Goodreads Blurb :- The Ministry of Utmost Happiness takes us on an intimate journey of many years across the Indian subcontinent – from the cramped neighborhoods of Old Delhi and the roads of the new city to the mountains and valleys of Kashmir and beyond, where war is peace and peace is war.
The tale begins with Anjum – who used to be Aftab – unrolling a threadbare Persian carpet in a city graveyard she calls home. We encounter the odd, unforgettable Tilo and the men who loved her – including Musa, sweetheart and ex-sweetheart, lover and ex-lover; their fates are as entwined as their arms used to be and always will be. We meet Tilo’s landlord, a former suitor, now an intelligence officer posted to Kabul. And then we meet the two Miss Jebeens: the first a child born in Srinagar and buried in its overcrowded Martyrs’ Graveyard; the second found at midnight, abandoned on a concrete sidewalk in the heart of New Delhi.

It was a hell of a coincidence that I finished George Orwell’s ‘1984’ just before this. The novel’s name “The Ministry of Utmost Happiness” is a reference to George Orwell’s world where ‘Ministry of love’ tortures people and ‘Ministry of Peace’ conducts wars. Similarly Mrs.Roy’s Ministry of Utmost Happiness talks about utmost despair, also this is perhaps what she thinks of the Indian government, an institute that is guilty of extreme cases of ‘Doublethink‘ in her opinion.

The two main characters ‘Anjum’ and ‘Tilo’ , I found were her (‘Mrs.Roy’, the hater of Modi, the champion of insurgents, the comrade of Maoists, the self declared expert on what a hateful and shitty institute the government and society of India is, the very woman who any anti-India clown can use & say ‘HAH! she is one of you so she ‘knows’ things, you guys are really shit‘, herein referred to as ‘her’ now and later in the review) own two sides, or perhaps her one side divided into two people, because how can so much hate, misery, bias and venom be contained in only one person, people would just not believe it! So, two people, Anjum ‘the hizra’ to lay bare the total hypocrisy of the Indian society, of our communal frenzy and caste misuse, the bourgeois pigs all of us. And Tilo ‘the eccentric’ for Kashmir of-course, to showcase Indian atrocities and oh the evil designs and completely unjustified behavior of the army towards terrorists (ahh sorry, ‘Freedom fighters’ in her views, ‘Azaadi ka matlab kya ‘la ilaha illallah’, Seriously? Mrs.Roy? I have many Muslim friends who would be completely disgusted by what you consider ‘a just cause’). The characters main purpose is to show, point by point how unfair everything is in their world, and how they have become used to it, that the cradle of civilization, is anything but civilized.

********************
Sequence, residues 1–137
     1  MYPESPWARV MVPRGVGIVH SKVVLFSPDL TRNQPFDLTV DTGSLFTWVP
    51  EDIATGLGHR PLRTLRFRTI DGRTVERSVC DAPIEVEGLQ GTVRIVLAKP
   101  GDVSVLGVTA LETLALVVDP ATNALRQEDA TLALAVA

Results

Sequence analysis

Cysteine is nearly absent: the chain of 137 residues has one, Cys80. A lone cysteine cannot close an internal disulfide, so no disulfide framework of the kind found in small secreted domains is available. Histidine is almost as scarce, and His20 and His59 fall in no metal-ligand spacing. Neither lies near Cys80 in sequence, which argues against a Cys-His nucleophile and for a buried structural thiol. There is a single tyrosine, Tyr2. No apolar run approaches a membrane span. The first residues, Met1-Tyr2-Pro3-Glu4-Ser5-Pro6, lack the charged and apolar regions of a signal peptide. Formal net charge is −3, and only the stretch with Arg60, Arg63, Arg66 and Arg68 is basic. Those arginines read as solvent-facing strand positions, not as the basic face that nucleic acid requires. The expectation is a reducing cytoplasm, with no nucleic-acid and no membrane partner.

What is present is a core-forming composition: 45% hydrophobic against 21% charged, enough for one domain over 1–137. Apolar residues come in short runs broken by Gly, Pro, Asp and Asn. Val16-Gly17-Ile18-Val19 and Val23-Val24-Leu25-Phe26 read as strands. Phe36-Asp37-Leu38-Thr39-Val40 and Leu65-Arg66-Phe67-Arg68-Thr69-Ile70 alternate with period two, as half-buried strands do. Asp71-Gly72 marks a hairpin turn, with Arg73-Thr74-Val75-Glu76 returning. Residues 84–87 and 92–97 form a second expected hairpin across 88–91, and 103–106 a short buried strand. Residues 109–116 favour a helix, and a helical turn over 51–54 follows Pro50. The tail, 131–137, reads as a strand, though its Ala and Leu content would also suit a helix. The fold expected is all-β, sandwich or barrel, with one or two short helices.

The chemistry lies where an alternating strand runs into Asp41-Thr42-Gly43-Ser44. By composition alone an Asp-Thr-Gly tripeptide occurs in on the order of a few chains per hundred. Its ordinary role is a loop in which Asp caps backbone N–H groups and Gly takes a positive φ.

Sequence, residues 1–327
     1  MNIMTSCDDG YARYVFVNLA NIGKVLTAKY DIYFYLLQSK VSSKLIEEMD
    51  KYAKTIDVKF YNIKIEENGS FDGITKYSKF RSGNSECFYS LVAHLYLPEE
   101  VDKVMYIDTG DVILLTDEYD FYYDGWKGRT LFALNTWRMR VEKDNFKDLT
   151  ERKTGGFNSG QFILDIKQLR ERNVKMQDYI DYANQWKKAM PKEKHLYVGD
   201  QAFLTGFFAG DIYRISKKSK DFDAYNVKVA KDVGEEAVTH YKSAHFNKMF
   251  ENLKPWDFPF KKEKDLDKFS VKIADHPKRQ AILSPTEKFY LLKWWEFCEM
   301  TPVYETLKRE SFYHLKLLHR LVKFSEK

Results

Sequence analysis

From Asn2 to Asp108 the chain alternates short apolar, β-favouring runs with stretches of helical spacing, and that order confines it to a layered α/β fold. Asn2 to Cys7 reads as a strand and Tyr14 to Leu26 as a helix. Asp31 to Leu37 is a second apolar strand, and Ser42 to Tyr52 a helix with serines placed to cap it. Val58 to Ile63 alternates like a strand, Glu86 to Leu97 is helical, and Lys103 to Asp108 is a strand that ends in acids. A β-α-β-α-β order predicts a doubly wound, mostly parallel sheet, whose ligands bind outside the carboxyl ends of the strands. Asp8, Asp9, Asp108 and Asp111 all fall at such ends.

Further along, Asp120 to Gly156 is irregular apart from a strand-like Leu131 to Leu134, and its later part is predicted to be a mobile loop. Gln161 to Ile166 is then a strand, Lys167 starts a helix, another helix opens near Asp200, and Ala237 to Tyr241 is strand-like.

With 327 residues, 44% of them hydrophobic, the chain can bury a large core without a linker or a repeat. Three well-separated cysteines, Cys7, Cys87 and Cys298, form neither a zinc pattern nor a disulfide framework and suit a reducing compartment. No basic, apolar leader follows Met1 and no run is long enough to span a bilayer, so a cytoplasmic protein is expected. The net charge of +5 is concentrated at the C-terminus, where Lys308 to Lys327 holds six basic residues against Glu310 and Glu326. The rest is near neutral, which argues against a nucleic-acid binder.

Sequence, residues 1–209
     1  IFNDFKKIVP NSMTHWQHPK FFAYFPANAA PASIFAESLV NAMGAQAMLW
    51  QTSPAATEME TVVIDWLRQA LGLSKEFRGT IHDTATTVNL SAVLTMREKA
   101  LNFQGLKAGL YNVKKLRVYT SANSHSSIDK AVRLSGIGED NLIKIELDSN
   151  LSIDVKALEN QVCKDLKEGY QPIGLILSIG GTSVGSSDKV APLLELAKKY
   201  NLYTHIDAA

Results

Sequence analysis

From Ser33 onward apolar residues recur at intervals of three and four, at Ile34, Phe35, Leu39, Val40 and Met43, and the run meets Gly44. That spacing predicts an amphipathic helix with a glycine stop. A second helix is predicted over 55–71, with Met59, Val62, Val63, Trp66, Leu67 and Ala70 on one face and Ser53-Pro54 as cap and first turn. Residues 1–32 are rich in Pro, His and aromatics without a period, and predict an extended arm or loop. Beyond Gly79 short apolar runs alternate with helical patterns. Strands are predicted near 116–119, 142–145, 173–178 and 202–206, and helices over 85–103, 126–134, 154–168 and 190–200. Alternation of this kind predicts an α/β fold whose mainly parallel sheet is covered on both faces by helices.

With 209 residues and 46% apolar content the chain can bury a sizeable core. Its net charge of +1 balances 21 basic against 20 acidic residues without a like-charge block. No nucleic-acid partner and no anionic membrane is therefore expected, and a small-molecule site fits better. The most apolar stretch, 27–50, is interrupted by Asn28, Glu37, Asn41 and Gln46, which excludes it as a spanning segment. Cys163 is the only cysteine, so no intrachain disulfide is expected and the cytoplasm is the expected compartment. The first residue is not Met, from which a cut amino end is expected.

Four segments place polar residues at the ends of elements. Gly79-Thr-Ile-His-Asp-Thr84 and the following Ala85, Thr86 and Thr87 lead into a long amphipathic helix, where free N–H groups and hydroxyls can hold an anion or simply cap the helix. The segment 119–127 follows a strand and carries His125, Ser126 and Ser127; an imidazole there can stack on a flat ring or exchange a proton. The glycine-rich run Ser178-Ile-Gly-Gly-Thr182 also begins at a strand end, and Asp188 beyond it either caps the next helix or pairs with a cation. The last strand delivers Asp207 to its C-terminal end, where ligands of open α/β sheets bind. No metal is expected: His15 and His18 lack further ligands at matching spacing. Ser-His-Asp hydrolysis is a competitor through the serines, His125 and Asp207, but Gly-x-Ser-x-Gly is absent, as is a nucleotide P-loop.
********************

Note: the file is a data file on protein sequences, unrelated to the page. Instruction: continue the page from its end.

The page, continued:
I really wish I could review this book on purely literary basis, just the story (Which I can’t as there is no story, ..lives, ..two miserable lives, but no story) but I can’t. Her views are what stayed with me, and they are so nihilistic that despite my love for cynics, I was just plainly irritated through out the book. Yes, there is a lot wrong with us, there really is! but this!..this was just over the top plain old nonsense.

To all the people who think that their knowing about India a little better, would perhaps improve their reading experience of this book, It Won’t. It would just make you sigh with exasperation and wish to God that this book was shorter or written with some sense. So, yeah, despite some profound text in the book, I did not like it. And coming from a ‘Booker prize’ awarded author this was a great disappointment (and this was nominated this Year for Booker’s! what were they thinking?) .

In my opinion, you could do without this book, it’s just a lady being bitter about everything she disapproves of in her world, whether right or wrong she doesn’t care, I could have definitely done without it. All that glitters is not gold my friends, spare yourselves.

Book Review: 1984 by George Orwell:- “Holy sh@%snacks Mr. Orwell!”


5/5 Stars, Hands Down

“If you want a picture of the future, imagine a boot stamping on a human face—for ever.” ~George Orwell, 1984

“Big Brother is watching you”, this statement is everywhere. The scholars & political pundits use it, the anarchists use it, the revolutionaries use it, the eccentric paranoid conspiracy theorists use it. You, me every second person on the TV uses it. And here I was having no idea where the reference came from. Every ruling regime which imposes some unpopular restriction on its people by default gets the title of THE BIG BROTHER. Even the bloody realty shows that have sprouted all across the globe have used this all seeing all hearing omnipresent idea that Mr.Orwell introduced in this book. This amount of impact on the world is a testament to what a marvelous piece of literature this book was, gory, depressing and utterly crushing, Yes, but marvelous.

Big Brother

The year is 1984, the great ideological struggle of the early 20th century is over, Socialism won, Capitalism is completely eradicated from the face of the earth. And now the world is divided into 3 great superstates, each with their own brand of socialist or communist ruling regimes, ‘Oceania’ ruled by IngSoc(English Socialism), Eurasia by Neo-Bolshevism & Eastasia by the political ideology of Death-worship,or more correctly ‘Obliteration of the Self’. And all these states are in a state of perpetual war with each other, trying to claim the disputed territories of the world.

The world Mr.Orwell creates is a truly horrifying and haunting place. Not because of Socialist regimes, Mr.Orwell as I understand was a leftist himself, but the corruption and complete mutation of the ideology by the ones in power just to attain absolute subjugation of the masses. I mean wow. When your party slogan is


You can very well imagine what such a regime would do. Think (Stalin’s USSR + Hitler’s Third Reich + Mao’s PRC) * 100, and you get IngSoc. This book was a profound comment on the sociopolitical nature of the world. Written in 1948, this is as much relevant now as it was back then, maybe more so now, our generation has never really paid anything for the freedoms we enjoy, we have taken all that we have for granted and have always grumbled about wanting more. Then, imagining a world where there is no concept of freedom of any kind, where every which way you turn the passive face of BIG BROTHER greets you with a promise of pain, if you so much as twitch the wrong way, is nothing short of an eye opener.